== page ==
Bangladesh Table of Contents
Bangladesh has had a negative trade balance since independence in 1971. In the mid-1980s, the annual pattern was for exports to cover only around 30 percent of the cost of imports (see table 14, Appendix). Merchandise exports reached the value of US$1 billion in FY 1987 for the first time, and in that year import payments were US$2.6 billion, leaving a trade deficit of over US$1.5 billion, about average throughout the 1980s. The annual deficit was limited by government controls to between US$600 and US$700 million on capital goods and US$500 million on nonagricultural industrial commodities. The largest component in the latter category was crude oil and petroleum products. In addition, Bangladesh incurred a debt each year for grain and other food needs, always higher than US$200 million, and sometimes going to double or even more (at least US$607 million in FY 1985). The country had a positive balance on nonfood agricultural production, because jute and ready-made garment exports eliminated the deficit in fibers, textiles, and garments.
One way the society has been able to turn its economic problems and overpopulation to some advantage is by exporting workers to wealthy, Islamic countries, chiefly in the Persian Gulf. The remittances from these workers have come to constitute one of Bangladesh's greatest sources of foreign exchange. In FY 1986 remittances were nearly US$575 million, covering 23.5 percent of import financing requirements and substantially exceeding the total receipts from jute, the chief export. The government maintained records only of new recruits working abroad each year--a peak of 77,694 in 1985--but knowledgeable observers believed that possibly as many as 450,000 were overseas at any one time. Throughout the 1980s, more than a third went annually to Saudi Arabia with a peak of 39,350 new recruits in 1987 (see table 6, Appendix). Other countries receiving large number of Bangladeshi workers in 1987 included the United Arab Emirates (9,953), Kuwait (9,559), Qatar (5,831), and Iraq (3,847). Such workers normally contracted to remain abroad three years and often stayed several years longer. They worked as laborers, under terms negotiated government to government, and generally lived under segregated conditions that effectively prevented Bangladeshi men (who cannot bring their families with them) from assimilating with the local population or experiencing non-Bangladeshi ways of life. When they have returned to Bangladesh with savings and material acquisitions, they generally have had no difficulty fitting back into their society.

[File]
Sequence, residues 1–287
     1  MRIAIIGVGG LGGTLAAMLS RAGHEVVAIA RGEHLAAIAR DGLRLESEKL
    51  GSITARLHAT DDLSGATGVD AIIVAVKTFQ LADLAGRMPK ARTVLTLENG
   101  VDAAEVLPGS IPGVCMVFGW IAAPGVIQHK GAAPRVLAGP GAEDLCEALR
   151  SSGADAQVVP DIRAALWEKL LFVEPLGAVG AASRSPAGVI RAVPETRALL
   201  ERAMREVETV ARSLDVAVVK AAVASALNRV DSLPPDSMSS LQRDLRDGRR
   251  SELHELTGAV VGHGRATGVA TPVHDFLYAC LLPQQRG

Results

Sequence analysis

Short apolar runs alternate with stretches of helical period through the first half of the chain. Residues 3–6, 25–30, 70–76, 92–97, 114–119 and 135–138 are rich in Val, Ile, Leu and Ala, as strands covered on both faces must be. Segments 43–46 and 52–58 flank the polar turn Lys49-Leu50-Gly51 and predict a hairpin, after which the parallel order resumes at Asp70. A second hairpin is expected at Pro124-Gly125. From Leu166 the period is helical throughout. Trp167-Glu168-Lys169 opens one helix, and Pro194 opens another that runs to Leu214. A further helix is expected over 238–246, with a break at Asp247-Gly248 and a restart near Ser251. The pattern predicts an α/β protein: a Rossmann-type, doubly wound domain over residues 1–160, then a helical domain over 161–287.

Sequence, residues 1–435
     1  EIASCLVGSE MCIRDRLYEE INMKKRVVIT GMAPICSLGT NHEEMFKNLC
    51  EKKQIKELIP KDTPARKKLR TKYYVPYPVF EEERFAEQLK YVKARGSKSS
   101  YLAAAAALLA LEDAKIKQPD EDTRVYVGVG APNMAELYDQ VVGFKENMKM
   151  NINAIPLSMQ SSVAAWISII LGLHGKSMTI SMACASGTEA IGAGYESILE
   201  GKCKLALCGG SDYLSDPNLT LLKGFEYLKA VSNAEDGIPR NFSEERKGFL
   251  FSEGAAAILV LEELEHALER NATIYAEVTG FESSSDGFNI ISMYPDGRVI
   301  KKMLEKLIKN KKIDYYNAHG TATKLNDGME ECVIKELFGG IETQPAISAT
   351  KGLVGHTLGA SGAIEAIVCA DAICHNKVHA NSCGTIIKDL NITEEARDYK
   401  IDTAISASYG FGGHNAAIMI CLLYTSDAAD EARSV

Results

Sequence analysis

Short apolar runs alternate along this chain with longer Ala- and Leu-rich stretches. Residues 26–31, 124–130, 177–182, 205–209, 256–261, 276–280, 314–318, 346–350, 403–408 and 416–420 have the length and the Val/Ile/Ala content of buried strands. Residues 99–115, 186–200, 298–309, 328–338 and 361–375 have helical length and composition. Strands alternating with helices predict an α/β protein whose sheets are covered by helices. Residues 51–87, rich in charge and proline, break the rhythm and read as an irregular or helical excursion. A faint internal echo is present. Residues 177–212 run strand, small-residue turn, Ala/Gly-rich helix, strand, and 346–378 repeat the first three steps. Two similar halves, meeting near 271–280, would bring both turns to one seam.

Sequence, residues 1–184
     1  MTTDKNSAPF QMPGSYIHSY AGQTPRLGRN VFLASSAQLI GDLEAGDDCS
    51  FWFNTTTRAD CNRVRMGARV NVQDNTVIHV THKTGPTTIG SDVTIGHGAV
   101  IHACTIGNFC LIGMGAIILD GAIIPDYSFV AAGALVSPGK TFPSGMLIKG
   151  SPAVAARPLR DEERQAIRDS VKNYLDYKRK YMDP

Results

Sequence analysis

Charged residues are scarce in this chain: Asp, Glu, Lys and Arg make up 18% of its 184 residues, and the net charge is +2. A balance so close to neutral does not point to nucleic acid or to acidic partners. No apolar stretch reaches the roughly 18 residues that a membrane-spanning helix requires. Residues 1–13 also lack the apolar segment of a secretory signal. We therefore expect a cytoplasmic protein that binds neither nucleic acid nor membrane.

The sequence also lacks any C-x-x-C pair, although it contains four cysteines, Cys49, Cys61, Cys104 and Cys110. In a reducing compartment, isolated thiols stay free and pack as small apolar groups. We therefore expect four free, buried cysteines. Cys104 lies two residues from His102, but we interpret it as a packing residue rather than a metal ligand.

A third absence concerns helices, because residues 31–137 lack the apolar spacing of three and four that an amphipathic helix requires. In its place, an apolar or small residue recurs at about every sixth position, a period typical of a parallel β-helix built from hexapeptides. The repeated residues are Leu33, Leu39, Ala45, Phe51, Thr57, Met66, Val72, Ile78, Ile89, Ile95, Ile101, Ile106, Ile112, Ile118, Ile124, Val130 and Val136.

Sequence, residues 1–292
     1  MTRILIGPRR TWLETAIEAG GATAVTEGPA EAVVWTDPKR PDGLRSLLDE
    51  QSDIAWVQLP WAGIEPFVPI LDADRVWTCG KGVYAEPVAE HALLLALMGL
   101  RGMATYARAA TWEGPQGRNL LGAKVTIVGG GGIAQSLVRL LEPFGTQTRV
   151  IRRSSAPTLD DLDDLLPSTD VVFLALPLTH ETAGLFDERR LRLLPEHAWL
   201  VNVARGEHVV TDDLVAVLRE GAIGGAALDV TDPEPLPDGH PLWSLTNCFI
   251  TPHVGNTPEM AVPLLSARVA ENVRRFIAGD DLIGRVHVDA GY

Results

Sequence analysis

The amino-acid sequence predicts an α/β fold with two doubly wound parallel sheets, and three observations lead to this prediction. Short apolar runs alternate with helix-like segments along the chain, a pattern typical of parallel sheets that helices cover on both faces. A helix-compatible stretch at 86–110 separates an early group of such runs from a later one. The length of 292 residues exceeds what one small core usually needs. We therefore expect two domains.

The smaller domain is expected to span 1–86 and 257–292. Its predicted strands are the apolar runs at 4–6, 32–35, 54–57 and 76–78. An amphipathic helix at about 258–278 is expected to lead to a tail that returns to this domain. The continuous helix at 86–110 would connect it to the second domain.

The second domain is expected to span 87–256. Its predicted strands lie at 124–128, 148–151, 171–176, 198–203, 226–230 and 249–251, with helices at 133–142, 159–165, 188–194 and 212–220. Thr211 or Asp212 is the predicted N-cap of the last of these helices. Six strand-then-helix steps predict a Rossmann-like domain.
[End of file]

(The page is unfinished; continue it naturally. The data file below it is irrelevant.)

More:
Other remittances have come from the more highly educated elite who are able to take advantage of educational resources at home or overseas and who advance to high positions in business, the professions, the civil service, or even the military. Some have gone abroad--mostly to Britain, the United States, and Canada--and many remit savings to relatives in Bangladesh. The government extends incentives to all expatriate Bangladeshis to send back some of their savings. They are granted a preferential exchange rate, and a portion of their remittances can be turned back into foreign currency for purchases from abroad.
Including remittances as a form of export revenue still left Bangladesh with a deficit ranging between US$1.5 billion and US$1.8 billion each year during the 1980s. Foreign aid was the essential element allowing Bangladesh to steer clear of a critical shortage of foreign exchange.
In FY 1986, the United States was the leading buyer of Bangladeshi exports, taking some 25 percent of the total. The American portion had increased from 16 percent the year before and 12 percent the year before that. The dynamic new element was readymade garments; the United States purchased over 80 percent of this new industry's production, adding to Bangladesh's traditional base of jute manufactures (mostly carpet backing) and seafood. The next biggest customer for Bangladesh (but with only 28 percent of the American volume) was Japan, which chiefly purchased frozen seafood. Other important customers in FY 1986 were Britain, Italy, Pakistan, Singapore, and Belgium. Trade with communist countries was also significant. Almost 10 percent of exports were under barter terms with the Soviet Union, China, Bulgaria, Hungary, and Czechoslovakia.
The list of suppliers to Bangladesh is eclectic. In FY 1986, Singapore was the leading supplier, with 14 percent of the total (up from 12 percent the previous year). Major supplies were petroleum and petroleum products and also vegetable oils and fats. Next was Japan, with 13 percent of the total, selling iron and steel, transportation equipment, and machinery. In third place was the United States with 8 percent (food grains and machinery), followed by South Korea (textiles), the United Arab Emirates (petroleum), India (textiles and machinery), West Germany (machinery and transportation equipment), China (assorted products), and Britain (machinery, equipment, and sugar products). Other major suppliers were Canada, Pakistan, Saudi Arabia, Malaysia, the Netherlands, and Iran (see table 15, Appendix).
Data as of September 1988
Bangladesh Table of Contents